Klöppelt also believes that while the Asian and North American markets can offer attractive returns, German pension funds should not regard them as core investments due both to currency risks and the peculiarities of those markets.

Mattern, meanwhile, feels that there are still attractive investment opportunities in Scandinavia. "For example, returns in Finland are well above other European markets. Moreover, there is a strong local economy and growing trade with Russia and other areas of the Baltic."

Still, investor demand for ISFs may suffer somewhat now that Germany has decided to legalise real estate investment trusts (REITs) from the start of 2007. Compared with ISFs and indeed any type of real estate fund, REITs - essentially listed property firms - are more liquid and offer greater tax advantages. Generally speaking, REITs also aim for higher returns than ISFs, which are more concerned with offering steady income to investors.

Regarding the advantages of German REITs, Entzian feels that the one related to tax is most compelling as it provides them with a wider choice of properties than ISFs currently have. "German REITs will replace Immobilien-Spezialfonds as the investment vehicle of choice in some, if not many cases. This is because of the tax break an owner of a property gets when he sells it to a REIT. He doesn't get the same break when he sells to other buyers (like ISFs)," he says.

To further boost their attractiveness, the German government has also decided that investments in German REITs will be seen as real estate in nature rather than equity. If German REITs had been seen as equity investments, demand may have suffered as numerous insurers and pension funds are legally barred from allocating more than 35% of holdings to the asset class (please see related story in this issue).

German pension funds have not been willing to say whether they plan on investing in REITs once they are legalised. But the schemes' reaction to news of their emergence has undoubtedly been positive - especially as they themselves can sell direct holdings in commercial property in a tax-efficient way. "In my view, German REITs hold the key to unleashing institutional investment in German real estate," says Dirk Lepelmeier, managing director of the medical scheme NAEV.Even so, those seeking to benefit from German REITs - whether investors or providers - are not getting everything they want. All residential property built before January 1 will, for example, be excluded from the listed vehicles. This means that many German institutions, including pension funds, will not get a tax break if they sell their residential property holdings. The exclusion should furthermore reduce the market capitalisation of German REITs by 10-15%. Prior to the exclusion, the market cap of the vehicles had been put at at least €50bn by 2010.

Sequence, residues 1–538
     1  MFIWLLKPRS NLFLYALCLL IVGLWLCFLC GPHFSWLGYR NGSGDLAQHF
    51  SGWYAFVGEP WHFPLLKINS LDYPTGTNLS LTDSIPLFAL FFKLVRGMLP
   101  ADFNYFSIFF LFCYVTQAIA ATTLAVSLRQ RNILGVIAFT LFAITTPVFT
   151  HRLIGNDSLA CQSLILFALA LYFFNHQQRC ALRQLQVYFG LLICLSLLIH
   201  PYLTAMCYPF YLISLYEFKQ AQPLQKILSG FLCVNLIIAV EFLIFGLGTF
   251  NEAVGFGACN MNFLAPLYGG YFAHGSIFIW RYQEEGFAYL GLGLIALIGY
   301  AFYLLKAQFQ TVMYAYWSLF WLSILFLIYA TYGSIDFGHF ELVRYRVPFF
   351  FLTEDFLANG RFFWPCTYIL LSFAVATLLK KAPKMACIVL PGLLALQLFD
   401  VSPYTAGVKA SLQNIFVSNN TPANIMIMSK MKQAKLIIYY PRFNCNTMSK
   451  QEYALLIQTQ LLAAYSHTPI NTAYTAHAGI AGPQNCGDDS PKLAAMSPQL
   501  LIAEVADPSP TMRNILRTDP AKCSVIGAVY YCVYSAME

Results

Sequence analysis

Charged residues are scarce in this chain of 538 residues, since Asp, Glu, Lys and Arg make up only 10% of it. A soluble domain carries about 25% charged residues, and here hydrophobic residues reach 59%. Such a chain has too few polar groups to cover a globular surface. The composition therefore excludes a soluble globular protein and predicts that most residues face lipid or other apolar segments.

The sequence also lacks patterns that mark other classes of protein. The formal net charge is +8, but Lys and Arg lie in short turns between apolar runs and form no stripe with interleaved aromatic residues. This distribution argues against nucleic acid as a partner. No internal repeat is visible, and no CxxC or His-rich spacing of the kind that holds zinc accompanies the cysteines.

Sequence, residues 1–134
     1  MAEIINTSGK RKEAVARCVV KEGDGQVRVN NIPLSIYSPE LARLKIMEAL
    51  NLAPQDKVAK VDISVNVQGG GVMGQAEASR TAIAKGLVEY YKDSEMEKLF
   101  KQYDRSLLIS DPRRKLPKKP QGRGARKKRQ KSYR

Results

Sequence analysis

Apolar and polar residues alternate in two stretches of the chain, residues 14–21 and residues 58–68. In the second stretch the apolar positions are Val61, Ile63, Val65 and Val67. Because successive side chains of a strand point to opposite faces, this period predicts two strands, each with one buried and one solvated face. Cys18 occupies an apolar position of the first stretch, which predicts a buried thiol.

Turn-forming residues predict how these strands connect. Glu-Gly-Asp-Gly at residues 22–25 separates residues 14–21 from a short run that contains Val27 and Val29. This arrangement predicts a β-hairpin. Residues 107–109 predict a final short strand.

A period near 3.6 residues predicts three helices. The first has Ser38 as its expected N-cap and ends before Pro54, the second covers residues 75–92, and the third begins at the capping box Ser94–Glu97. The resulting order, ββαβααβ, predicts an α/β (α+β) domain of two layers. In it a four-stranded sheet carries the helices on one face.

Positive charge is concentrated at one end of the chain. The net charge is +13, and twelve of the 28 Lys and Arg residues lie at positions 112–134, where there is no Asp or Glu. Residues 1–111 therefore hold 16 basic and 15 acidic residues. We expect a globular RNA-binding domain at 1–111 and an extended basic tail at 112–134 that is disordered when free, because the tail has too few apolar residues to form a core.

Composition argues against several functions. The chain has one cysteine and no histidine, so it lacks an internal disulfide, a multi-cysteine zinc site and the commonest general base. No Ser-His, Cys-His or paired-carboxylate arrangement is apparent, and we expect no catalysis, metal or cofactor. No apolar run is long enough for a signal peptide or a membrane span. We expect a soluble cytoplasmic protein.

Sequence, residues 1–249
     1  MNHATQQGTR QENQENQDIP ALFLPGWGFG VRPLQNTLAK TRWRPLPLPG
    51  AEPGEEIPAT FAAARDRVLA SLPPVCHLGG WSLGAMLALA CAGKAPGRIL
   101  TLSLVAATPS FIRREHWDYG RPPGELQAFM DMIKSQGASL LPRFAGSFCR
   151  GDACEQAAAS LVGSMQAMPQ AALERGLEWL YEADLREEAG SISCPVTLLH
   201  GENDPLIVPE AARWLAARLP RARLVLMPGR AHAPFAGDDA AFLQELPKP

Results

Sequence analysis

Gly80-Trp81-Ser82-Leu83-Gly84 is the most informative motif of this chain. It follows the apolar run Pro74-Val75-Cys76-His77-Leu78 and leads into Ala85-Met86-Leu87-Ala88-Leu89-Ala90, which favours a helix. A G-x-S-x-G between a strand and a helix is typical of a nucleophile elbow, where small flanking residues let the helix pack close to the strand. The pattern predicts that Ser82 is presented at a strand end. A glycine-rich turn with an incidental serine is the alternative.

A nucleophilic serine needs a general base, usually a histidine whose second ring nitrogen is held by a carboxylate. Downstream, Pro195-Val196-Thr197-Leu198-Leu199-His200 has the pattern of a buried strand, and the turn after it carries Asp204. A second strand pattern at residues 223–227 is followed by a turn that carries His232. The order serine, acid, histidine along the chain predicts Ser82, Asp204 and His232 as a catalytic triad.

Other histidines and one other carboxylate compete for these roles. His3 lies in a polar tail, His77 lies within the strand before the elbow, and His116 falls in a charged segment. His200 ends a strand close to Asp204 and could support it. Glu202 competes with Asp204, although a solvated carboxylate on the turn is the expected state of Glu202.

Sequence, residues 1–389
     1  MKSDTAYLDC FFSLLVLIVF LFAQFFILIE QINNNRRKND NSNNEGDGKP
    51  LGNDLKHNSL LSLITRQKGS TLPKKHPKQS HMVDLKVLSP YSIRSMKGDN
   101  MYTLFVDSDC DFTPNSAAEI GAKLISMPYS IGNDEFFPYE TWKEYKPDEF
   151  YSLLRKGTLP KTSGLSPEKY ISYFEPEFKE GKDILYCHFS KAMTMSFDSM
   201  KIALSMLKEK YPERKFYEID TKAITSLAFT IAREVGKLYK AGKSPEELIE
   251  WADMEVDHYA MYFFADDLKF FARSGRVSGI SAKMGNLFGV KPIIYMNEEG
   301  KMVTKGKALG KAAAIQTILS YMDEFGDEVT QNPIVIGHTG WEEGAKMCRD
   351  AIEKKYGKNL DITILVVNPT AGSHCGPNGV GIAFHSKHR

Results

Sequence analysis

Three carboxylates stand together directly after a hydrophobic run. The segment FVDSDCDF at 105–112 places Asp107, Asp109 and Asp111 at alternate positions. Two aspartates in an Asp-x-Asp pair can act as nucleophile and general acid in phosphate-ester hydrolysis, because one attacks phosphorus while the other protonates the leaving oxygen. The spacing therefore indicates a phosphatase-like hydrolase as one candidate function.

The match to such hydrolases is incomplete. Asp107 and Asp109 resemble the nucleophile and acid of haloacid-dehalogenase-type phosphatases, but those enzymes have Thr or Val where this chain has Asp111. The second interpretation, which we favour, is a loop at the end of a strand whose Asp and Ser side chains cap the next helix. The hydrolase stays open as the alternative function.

In any event, major ISF providers like iii-investments and Warburg-Henderson are not overly concerned about the competition their products may get from REITs. According to them, German REITs will speak to those investors who want more risk in exchange for higher returns, which they don't get with ISFs. "You have to remember that REITs are shares whose value is not only dependent on the underlying property but also on supply and demand as well as other economic indicators. As a result, they are far more volatile and speculative in nature than ISFs," notes Mattern.

Adds Klöppelt: "Immobilien-Spezialfonds are a very successful and established form of indirect investing. They have excellent growth prospects regardless of the existence of REITs."